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Old   December 26, 2020, 11:07
Default Particles following the flow trajectory
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Consider a simple 2D channel where the flow enters the domain from one side with the inlet velocity boundary condition with a constant value and it forms a boundary layer.

1) If i add many number of particles consistently to the inlet and neglect all inertial forces and let it to follow the flow trajectories, is it true that the volume fraction of the particle in the domain (C) is the solution of the advection equation, dC/dt + div (vC) = 0? If so,

2) If the inlet boundary condition for C is the constant value of 1, we know that in the steady state whole domain will be filled with the uniform value of C=1. But, it contradicts with what we expect with the particle case. Because if we add particles to the inlet consistently, because of the boundary layer, we expect a non-uniform value for the volume fraction in the steady state, because it is not possible to have a uniform distribution of particles in the domain in the steady state.

Thank you in advance for sharing your ideas.
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Old   December 26, 2020, 11:54
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1) Yes


2) Recall conservation laws. If you add C=1 at the inlet, and there are no sources/sinks, then C=1 everywhere.
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Old   January 4, 2021, 07:08
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Originally Posted by LuckyTran View Post
1) Yes


2) Recall conservation laws. If you add C=1 at the inlet, and there are no sources/sinks, then C=1 everywhere.
Thanks. But how the particles can go to the area in the domain where the streamline is nearly zero? assume we have a solid circle in the middle of the domain and we have a moderate Reynolds number (no vortex behind the circle). So how the particles can fill the area behind the circle?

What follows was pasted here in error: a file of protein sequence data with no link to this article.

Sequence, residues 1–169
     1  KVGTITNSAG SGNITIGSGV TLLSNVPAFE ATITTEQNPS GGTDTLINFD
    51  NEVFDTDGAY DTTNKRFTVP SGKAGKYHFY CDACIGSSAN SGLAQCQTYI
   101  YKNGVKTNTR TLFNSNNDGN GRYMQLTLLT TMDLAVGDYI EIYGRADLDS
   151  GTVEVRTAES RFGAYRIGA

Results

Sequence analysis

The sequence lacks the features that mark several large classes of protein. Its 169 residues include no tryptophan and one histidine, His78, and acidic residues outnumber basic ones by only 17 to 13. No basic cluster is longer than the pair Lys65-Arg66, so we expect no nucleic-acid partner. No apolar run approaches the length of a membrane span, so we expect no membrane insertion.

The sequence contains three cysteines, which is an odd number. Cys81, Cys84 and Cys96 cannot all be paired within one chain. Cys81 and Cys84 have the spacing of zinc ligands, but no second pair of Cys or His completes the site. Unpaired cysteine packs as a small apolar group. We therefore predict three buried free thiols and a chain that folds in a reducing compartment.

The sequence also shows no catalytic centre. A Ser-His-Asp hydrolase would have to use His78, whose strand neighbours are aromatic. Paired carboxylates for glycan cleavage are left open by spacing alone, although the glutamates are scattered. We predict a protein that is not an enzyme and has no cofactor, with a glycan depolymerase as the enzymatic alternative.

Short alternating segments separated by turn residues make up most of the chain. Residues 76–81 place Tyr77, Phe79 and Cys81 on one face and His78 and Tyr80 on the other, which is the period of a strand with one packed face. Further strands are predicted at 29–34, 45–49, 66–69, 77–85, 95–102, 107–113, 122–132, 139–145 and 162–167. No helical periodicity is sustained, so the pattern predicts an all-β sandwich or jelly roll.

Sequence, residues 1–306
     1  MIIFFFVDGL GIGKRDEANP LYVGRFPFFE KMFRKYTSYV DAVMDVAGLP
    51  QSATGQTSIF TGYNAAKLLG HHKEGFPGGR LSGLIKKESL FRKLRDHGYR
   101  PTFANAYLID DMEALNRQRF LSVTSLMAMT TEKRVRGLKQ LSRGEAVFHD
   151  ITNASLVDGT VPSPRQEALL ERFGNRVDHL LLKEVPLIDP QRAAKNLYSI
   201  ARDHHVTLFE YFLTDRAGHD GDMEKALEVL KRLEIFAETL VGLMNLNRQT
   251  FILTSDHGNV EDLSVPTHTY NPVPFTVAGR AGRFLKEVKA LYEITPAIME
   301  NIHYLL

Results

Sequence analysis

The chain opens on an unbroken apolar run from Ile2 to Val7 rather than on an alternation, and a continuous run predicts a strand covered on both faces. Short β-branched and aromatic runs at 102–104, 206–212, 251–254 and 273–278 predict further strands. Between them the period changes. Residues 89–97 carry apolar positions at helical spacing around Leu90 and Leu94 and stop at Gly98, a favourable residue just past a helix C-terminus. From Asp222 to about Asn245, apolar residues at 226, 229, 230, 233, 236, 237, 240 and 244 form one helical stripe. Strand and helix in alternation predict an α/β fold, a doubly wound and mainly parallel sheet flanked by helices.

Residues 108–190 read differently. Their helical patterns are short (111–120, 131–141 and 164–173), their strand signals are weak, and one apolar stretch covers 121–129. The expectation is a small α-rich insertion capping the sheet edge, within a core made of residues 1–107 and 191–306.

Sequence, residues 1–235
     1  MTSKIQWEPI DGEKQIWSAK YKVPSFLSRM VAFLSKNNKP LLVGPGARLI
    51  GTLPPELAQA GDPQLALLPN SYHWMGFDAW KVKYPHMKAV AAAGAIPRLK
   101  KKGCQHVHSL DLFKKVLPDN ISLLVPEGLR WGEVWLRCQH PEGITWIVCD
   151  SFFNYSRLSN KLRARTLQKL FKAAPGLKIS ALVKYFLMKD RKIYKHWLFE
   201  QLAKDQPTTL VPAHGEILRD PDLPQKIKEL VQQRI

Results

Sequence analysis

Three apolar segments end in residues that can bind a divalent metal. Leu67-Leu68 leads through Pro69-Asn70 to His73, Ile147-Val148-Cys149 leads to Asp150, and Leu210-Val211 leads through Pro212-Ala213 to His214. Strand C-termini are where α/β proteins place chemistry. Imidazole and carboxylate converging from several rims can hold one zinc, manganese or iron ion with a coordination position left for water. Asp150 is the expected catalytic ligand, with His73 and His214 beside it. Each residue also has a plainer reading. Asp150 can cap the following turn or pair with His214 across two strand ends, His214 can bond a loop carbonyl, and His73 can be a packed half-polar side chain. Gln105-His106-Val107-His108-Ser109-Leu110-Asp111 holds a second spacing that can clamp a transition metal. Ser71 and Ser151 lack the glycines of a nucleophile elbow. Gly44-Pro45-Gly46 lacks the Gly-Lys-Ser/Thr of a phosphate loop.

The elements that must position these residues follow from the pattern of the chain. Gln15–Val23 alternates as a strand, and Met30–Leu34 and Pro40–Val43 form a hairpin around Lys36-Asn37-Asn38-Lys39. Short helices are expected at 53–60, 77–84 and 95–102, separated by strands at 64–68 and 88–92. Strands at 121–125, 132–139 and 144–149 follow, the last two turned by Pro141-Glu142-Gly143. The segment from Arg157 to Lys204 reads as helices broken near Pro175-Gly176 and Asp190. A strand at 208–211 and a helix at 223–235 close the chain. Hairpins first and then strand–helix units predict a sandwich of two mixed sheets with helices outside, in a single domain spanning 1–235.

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Old   January 4, 2021, 10:26
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If you have a boundary layer in the channel, then wouldn't there be gradients of the velocity near the walls? and wouldn't these gradients affect the distribution of C, so that your distribution is not uniform in the steady state?
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Old   January 4, 2021, 18:31
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Originally Posted by Shabi View Post

2) If the inlet boundary condition for C is the constant value of 1, we know that in the steady state whole domain will be filled with the uniform value of C=1. But, it contradicts with what we expect with the particle case. Because if we add particles to the inlet consistently, because of the boundary layer, we expect a non-uniform value for the volume fraction in the steady state, because it is not possible to have a uniform distribution of particles in the domain in the steady state.

Thank you in advance for sharing your ideas.

How do you imagine particles while injecting just a single phase defining c=1 at the inlet? There is no distribution of c since there is only one phase.
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Old   January 5, 2021, 04:29
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Originally Posted by q__ View Post
How do you imagine particles while injecting just a single phase defining c=1 at the inlet? There is no distribution of c since there is only one phase.



You are wrong, the particle injection obeys to the lagrangian equation Dc/Dt=0 in a single phase, that is each particle follows a trajectori.
In a divergence free velocity field, the eulerian equation counterpart is dc/dt+ div(vc)=0, if you integrate over the domain and apply Gauss, you see at the steady state that the inlet of c is balanced by the outlet of c.
At the steady state (if exists), the trajectory and the streamlines are the same and c is constant along the streamline in the BL.
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Old   January 5, 2021, 04:45